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25 December 2008

FROM WND'S JERUSALEM BUREAU Muslim grinches steal Christmas Christians warned against celebration: 'We are living under a state of fear'

0625templemount.jpgJERUSALEM – Christians living in the Hamas-controlled Gaza Strip are holding only small, quiet Christmas celebrations after local leaders received warnings from Muslim groups against any public display of Christianity this holiday season, according to a Gaza Christian leader.

Publicly, some Christian leaders announced the dampened festivities were to protest an Israeli blockade imposed on Gaza after Hamas seized control of the territory in the summer of 2007. Israel limits trade convoys but still allows in humanitarian aid and directly supplies Gaza with 75 percent of its electricity. The Jewish state also provides monthly infusions of Israeli currency that fuel the Gaza economy.

Gaza Latin Church pastor Manuel Musalam faxed a statement to reporters announcing his church would not hold midnight Christmas mass to protest both the blockade and a threatened Israeli military invasion of Gaza. At least one other Christian leader in the territory made similar remarks to the media.

Still, according to local Christians, some private, low key celebrations took place.

A top Christian leader in Gaza told WND the decision to keep celebrations quiet came after he received threats from local Muslim groups against any public display of Christianity during Christmas. The leader was speaking on condition of anonymity, saying his life would be threatened if he spoke out publicly. He said the threats were conveyed to other Christian leaders in Gaza.

"We were warned not to celebrate in the streets or ring the church bells, otherwise Christians would be targeted. We are living under a state of fear," the Christian leader said.

"There is nothing we can do about the situation. We don't want to infuriate anyone," he said. 

The Christian leader would not say whether the threats were verbal or came in the form of written communication.

He said he had reason to believe the threats emanated with Jihadia Salafiya, a Hamas-allied Islamic outreach movement in Gaza that recently announced the opening of a "military wing" to enforce Muslim law. The organization, which is not directly connected to Hamas but publicly supports it, has been suspected in a string of anti-Christian attacks, including the bombing of a Christian bookstore in November 2007 and the murder of the store's manager, local Christian resident Rami Ayyad.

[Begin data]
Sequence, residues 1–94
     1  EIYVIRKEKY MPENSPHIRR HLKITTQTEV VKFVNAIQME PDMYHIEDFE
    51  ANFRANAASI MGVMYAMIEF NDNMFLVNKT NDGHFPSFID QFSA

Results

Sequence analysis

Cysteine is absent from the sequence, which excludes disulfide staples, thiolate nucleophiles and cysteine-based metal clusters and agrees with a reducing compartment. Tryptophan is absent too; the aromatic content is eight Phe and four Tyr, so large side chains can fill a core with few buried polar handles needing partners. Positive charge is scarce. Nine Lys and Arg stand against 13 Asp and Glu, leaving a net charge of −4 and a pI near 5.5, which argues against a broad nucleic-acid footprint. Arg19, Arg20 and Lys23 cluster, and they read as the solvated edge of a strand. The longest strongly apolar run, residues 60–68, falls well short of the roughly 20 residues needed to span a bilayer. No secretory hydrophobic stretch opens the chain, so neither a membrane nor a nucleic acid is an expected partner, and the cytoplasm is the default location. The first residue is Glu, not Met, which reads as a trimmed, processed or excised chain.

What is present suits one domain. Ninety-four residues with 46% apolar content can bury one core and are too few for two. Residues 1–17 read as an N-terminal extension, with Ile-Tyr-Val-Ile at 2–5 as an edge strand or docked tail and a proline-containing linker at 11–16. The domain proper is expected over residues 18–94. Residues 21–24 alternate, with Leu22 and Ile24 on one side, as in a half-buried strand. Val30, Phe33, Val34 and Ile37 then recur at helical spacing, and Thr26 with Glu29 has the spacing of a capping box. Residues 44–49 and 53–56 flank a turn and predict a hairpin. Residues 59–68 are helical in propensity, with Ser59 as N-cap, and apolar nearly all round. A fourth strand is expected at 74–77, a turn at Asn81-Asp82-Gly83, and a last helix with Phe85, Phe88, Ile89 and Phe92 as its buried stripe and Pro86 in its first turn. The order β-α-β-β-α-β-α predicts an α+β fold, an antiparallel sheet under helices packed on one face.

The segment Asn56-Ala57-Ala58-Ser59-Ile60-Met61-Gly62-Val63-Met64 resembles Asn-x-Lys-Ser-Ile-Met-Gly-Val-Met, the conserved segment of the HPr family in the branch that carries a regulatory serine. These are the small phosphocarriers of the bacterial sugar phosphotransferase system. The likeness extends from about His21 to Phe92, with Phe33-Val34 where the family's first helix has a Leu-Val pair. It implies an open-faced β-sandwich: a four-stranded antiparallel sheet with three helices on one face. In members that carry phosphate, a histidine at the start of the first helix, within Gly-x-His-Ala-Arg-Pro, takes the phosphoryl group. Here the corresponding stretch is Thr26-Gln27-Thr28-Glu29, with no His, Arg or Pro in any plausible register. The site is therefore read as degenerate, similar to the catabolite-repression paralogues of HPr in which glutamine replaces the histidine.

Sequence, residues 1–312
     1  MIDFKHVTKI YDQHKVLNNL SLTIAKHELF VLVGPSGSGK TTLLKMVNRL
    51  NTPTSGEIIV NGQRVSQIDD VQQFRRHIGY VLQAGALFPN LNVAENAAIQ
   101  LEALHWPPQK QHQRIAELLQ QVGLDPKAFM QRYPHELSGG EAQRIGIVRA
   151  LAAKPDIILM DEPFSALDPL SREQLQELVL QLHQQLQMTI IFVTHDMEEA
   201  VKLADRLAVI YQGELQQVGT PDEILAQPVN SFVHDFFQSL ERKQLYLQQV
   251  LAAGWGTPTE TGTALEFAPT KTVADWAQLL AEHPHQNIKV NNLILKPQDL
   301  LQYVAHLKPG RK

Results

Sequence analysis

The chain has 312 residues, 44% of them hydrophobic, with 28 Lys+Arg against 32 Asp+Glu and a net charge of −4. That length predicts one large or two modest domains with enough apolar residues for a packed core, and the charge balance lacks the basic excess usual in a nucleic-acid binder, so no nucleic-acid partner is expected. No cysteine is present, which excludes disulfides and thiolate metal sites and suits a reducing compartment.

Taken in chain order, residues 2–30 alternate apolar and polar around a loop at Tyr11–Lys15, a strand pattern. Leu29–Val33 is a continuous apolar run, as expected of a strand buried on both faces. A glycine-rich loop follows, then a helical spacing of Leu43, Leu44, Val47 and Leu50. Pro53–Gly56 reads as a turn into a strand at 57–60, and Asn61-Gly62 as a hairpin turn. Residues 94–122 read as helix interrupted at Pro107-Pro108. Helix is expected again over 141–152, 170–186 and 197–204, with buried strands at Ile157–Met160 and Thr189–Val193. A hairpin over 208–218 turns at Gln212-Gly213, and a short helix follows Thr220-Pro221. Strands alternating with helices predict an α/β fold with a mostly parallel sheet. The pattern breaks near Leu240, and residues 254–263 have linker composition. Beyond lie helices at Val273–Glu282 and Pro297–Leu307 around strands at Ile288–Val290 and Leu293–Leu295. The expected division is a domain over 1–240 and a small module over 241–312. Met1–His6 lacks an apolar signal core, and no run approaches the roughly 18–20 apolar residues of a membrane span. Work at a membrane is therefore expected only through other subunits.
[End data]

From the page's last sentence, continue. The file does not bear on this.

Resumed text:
Contacted by WND, Abu Islam, chief of Jihadia Salafiya, denied making any threats against Christians.

Still, Abu Islam commented, "Gaza is a Muslim state. Why do 3,000 Christians need to celebrate openly in a territory of 1 million Muslims? Any celebrations are clearly for missionary purposes and must not be tolerated."

Abu Islam previously gave WND interviews under a different name, Sheik Abu Saqer. He changed his name to Abu Islam in June 2007 in celebration of Hamas' Gaza takeover.

Immediately after Hamas' Gaza coup, Abu Islam told WND in an exclusive interview Christians could continue living safely in the Gaza Strip only if they accepted Islamic law, including a ban on alcohol and on women roaming publicly without proper head coverings.

"[Now that Hamas is in power,] the situation has changed 180 degrees in Gaza," said Abu Islam, speaking from Gaza in June 2007.

"Jihadia Salafiya and other Islamic movements will ensure Christian schools and institutions show publicly what they are teaching to be sure they are not carrying out missionary activity," he said.

Abu Islam accused the Gaza Christian leadership of "proselytizing and trying to convert Muslims with funding from American evangelicals."

"This missionary activity is endangering the entire Christian community in Gaza," he warned.

Christians warned: Accept Islamic law

About 3,000 Christians live in the Gaza Strip, which has a population of over 1 million.

After Hamas' rise to power, Christian in Gaza repeatedly have been targeted. Jihadia Salafiya is suspected of many of the Islamist attacks, such as a May 2007 shooting against a United Nations school in Gaza after it allowed boys and girls to participate in the same sporting event. One person was killed in the attack.

In the case of Ayyad, who managed the only Christian bookstore in Gaza, his body was discovered riddled with gunshot and stab wounds. Just before his murder, Ayyad, a Baptist, was publicly accused by Abu Islam's group of engaging in missionary activities. Ayyad's bookstore, owned by the Palestinian Bible Society, was firebombed in April 2007, after which he told relatives he received numerous death threats from Islamists.

WND quoted witnesses stating Ayyad was publicly tortured a few blocks from his store before he was shot to death.

The witnesses said they saw three armed men, two of whom were wearing masks, beat Ayyad repeatedly with clubs and the butts of their guns while they accused him of attempting to spread Christianity in Gaza. The witnesses said that after sustaining the beating, Ayyad was shot by all three men.


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